Many roles to fill, more opportunities to grasp
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Many roles to fill, more opportunities to grasp

Many roles to fill, more opportunities to grasp

The UK-based television personality and founder of Insight with Passion says it’s essential that women celebrate and support each other, as we work together to build a more equal society

What would the world look like today if there was a greater ratio of female leaders to male leaders? Do you think it would be different? Would the world of commerce operate in a different way?

Throughout the pandemic and enforced lockdowns, many industries witnessed the introduction of flexible hours and work-from-home initiatives for the first time to keep the wheels of commerce turning. Some questioned if working from home was achievable in such a short space of time, and why hadn’t we seen it in organisations sooner, particularly as it promoted benefits such as better mental health, environmental benefits and more quality time with loved ones. There was also the suggestion that this was the step change that should enable more women, who often become the primary carer of children and elderly relatives, to carry on in careers that they previously may have had to relinquish.

Yet late last year as the UK government made a call to get people back into the workplace, the Bank of England economist Catherine Mann gave an interview warning of the risk to women’s careers stalling if they were not in the office to enhance them. Far from being the catalyst of change, could Covid have set back the progress made towards greater gender equality in the workplace?

Economic slowdowns impact progress, and in 2020 whilst women made up 39 per cent of the global workforce, they also accounted for 54 per cent of the job losses that year. So, there’s certainly progress still to be made.

The theme for this year’s International Women’s Day – Break the Bias –  highlighted that the world should be free of bias, stereotype and discrimination to accelerate gender parity. But do we still have bias when it comes to women at work? Well, I ask you to quickly conjure up an image in your mind of a firefighter, a doctor or a CEO. What do you see: is it a professional who is a male or female?

It is clear that diversity and inclusion in any organisation is an advantage – the more rounded and grounded a business, the more effective and engaging it can be.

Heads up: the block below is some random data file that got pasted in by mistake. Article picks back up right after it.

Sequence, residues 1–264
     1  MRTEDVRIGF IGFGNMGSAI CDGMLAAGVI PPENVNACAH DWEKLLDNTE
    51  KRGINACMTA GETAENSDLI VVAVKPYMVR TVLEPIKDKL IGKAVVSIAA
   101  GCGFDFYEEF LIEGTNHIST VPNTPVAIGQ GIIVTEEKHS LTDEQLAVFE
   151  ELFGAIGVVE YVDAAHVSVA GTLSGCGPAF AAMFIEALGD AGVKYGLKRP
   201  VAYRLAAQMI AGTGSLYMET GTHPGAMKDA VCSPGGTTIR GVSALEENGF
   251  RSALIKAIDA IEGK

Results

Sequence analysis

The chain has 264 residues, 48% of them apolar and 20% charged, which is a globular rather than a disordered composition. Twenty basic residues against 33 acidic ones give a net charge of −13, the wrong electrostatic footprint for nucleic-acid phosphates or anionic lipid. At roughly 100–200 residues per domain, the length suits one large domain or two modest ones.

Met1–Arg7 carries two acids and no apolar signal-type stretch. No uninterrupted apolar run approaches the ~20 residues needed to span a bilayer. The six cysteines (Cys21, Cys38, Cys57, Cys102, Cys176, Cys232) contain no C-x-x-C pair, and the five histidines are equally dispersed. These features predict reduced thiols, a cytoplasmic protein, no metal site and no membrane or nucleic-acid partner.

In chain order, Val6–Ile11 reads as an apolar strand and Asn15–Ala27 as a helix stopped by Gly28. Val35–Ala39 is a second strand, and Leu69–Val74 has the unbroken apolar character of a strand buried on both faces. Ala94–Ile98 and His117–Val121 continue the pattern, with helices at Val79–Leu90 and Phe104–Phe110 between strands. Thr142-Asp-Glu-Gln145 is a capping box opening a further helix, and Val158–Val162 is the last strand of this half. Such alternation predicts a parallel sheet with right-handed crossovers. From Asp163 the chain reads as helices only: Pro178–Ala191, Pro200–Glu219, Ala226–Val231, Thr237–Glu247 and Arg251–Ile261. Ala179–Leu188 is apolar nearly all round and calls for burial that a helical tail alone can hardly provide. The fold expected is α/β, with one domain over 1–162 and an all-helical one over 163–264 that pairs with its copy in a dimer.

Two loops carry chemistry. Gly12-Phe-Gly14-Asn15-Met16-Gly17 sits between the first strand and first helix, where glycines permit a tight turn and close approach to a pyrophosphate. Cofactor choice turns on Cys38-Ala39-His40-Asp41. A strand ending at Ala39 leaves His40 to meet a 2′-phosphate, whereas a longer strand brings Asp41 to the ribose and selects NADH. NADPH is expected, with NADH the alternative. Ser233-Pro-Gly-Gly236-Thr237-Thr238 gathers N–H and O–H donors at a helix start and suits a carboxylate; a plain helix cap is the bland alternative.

In the seabed of unresolved issues that have risen to the surface in recent years, it is more important than ever that business leaders focus on building better and more authentic strategies to deal with sustainability and environment, diversity and inclusion and with community investment.

Those initiatives must not over promise and under deliver or just be fodder for a press release. To steal with pride from suffragette Emmeline Pankhurst, this is truly a time for “deeds not words”.

So, how can women carve a niche for themselves in business today? It is not just a matter for women. It is for business leaders to actively recognise that great talent will come from every walk of life and sometimes the search to fill roles may have to reach beyond the usual recruitment funnel. The way in which male counterparts play a role in breaking the bias is just as significant if not more than what we as women must do.

We live in a society that is incredibly influenced by social media and ‘image’. With a picture you get immediate engagement, the brain can process images so much more faster than words and there is no language barrier. They are instantaneous. This is why visibility is an important tool for anyone building the next stages of their career today. Yet, a Google search for images of a CEO show fewer women than men, and a unification of the suited look for many of those images.

If we want to start breaking the bias, we need to start painting better pictures.

There is a caveat to this however, as many entrepreneurs have grabbed the opportunity of building personal brands on social media; we have seen the rise of boasting over posting. As the world gets a skewed version of reality, perhaps we need to add in additional ways to ensure that your visibility belongs to an authentic version of your career.

The idea of representing yourself and your career online can often seem quite daunting, but it doesn’t have to be. I believe we are starting to move to new place with social media – and more of us are keen to read authentic stories and hear from experts we respect.

There is so much opportunity to celebrate others and this can be a more comfortable way to be introduced on social media. Which women inspire you? Whose work do you admire? Celebrate and share them.

It is essential that we women celebrate and support each other. I’m not sure if it has been driven by fear or caused by self conflict, but I have witnessed too many instances of a woman in business feeling the need to be in competition with other women. There are many roles to fill, many opportunities to grasp and there is much collaborative work to do, to drive forward positive change in every aspect of diversity and inclusion, in every workplace.

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